Evidence that true happiness can be found in God alone is readily apparent by observing those who are close to God — happiness and joy virtually radiate from holy, saintly people, even in the midst of great trials and sufferings. Just think of two recently declared blesseds, Mother Teresa of Calcutta and Pope John Paul II. All who encountered them couldn’t help but sense a deep inner peace and joy. However, as St. Thomas Aquinas teaches, “final and perfect happiness can consist in nothing else than the vision of the Divine Essence.” In other words, ultimate happiness awaits the attainment of the Beatific Vision, of seeing God face to face.
Man’s inner yearning for God in the depths of his heart is universally apparent in that he has always been a religious being. “Throughout history . . . men have given expression to their quest for God in their religious beliefs and behavior: in their prayers, sacrifices, rituals, meditations, and so forth” (CCC, n. 27). While it is true that not everyone acts on his religious instincts due to the lure of riches and fame, selfishness, indifference, scandal — in a word, because of sin — the religious tendency and desire for true happiness remain, perhaps deeply buried and ignored. “Although man can forget God and reject Him, He never ceases to call every man to seek Him, so as to find life and happiness” (CCC, n. 30).
The Catechism next takes up the question of whether man can know God by reason alone. Since God is infinite and our intellect is finite and limited, we cannot know God fully. There are mysteries of the faith that are beyond our comprehension that we can come to know only through God’s Revelation. However, the CCC teaches with certitude that we can know of God’s existence and prove certain of His attributes or perfections by natural reason in two ways: the physical world and the human person (n. 31). In fact, the First Vatican Council, convoked in 1868, dogmatically teaches in its Constitution on the Catholic Faith that “Holy Mother Church holds and teaches that God, the source and end of all things, can be known with certainty from the consideration of created things, by the natural power of human reason.”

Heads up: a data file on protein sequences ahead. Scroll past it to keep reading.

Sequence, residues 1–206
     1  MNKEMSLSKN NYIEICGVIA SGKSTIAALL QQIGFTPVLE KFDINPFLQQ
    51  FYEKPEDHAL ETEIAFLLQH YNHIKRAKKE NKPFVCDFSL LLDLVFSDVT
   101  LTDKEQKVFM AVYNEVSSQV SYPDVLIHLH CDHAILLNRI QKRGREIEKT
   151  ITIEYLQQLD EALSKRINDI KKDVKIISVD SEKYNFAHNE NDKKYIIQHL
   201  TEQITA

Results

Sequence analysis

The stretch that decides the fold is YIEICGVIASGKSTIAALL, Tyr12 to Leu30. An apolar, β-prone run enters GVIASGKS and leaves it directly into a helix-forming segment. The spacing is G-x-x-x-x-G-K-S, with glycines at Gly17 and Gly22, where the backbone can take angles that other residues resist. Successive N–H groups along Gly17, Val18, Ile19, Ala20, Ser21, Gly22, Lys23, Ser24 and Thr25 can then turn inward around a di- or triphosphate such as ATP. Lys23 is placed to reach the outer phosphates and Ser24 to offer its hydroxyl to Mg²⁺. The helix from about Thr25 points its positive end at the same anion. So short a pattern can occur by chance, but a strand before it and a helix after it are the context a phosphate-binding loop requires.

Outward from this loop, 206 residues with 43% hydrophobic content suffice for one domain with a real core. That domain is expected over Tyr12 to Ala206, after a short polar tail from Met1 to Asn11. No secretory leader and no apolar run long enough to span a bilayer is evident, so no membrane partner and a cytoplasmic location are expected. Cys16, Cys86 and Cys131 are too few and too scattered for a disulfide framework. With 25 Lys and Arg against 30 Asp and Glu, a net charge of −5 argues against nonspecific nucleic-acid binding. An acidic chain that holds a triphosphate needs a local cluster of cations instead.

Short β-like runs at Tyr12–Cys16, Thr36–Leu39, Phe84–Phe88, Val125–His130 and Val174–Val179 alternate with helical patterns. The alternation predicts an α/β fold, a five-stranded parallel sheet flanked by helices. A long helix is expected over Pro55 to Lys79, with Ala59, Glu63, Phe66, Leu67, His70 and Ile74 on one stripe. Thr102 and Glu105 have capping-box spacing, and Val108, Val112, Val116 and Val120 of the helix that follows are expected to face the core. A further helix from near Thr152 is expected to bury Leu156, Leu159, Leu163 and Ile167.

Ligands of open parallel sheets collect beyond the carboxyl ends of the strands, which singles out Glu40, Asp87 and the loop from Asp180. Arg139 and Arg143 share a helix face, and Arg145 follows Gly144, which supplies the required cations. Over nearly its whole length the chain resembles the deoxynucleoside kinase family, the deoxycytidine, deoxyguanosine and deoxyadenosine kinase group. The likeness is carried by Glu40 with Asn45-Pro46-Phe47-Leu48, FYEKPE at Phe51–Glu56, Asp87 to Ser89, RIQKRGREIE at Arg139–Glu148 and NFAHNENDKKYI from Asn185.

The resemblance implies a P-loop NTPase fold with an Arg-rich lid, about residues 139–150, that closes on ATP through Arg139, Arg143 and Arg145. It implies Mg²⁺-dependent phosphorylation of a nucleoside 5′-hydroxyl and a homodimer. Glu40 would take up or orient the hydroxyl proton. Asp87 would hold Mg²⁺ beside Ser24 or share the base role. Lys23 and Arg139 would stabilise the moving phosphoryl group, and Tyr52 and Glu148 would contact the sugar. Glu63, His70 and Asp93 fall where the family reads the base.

By reflecting on the world of nature created by God, we can come to know Him naturally. Who can behold the wonder and beauty of nature, the changing of the seasons, the stars in the sky, without realizing that there is an Infinite Being, whom we call God? How could there be a universe with such unity and order and so much diversity unless there was a Supreme Intelligent Being, the Prime Mover and First Cause, whom we call God? In a beautiful Easter sermon St. Augustine explained: “The beauty of the Unchangeable Creator is to be inferred from the beauty of the changeable creation.” As Fr. Hardon puts it, “…the beauty, power, wisdom, and goodness in the world are a proof of the beauty, power, wisdom, and goodness of God. He made the world and keeps it in constant existence as a reflection of His own divinity.”
Man can also come to know of the existence of God and furthermore discern he has a spiritual soul through the yearnings and aspirations that are part of his very being. He cannot help but question himself about God’s existence as a result of the “voice of his conscience, with his longings for the infinite and for happiness” (CCC, n. 33). Man’s natural faculties, then, “make him capable of coming to a knowledge of the existence of a personal God” and “can predispose one to faith and help one to see that faith is not opposed to reason” (CCC, n. 35). There is great wisdom in the spiritual axiom: “Faith builds upon and perfects reason” (Pope John Paul II, Fides et Ratio, n. 43).
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(Don Fier serves on the board of directors for The Catholic Servant, a Minneapolis-based monthly publication. He and his wife are the parents of seven children. Fier is a 2009 graduate of Ave Maria University’s Institute for Pastoral Theology. With the full blessing of Raymond Cardinal Burke, Fier is doing research for writing a definitive biography of Fr. John A. Hardon, SJ.)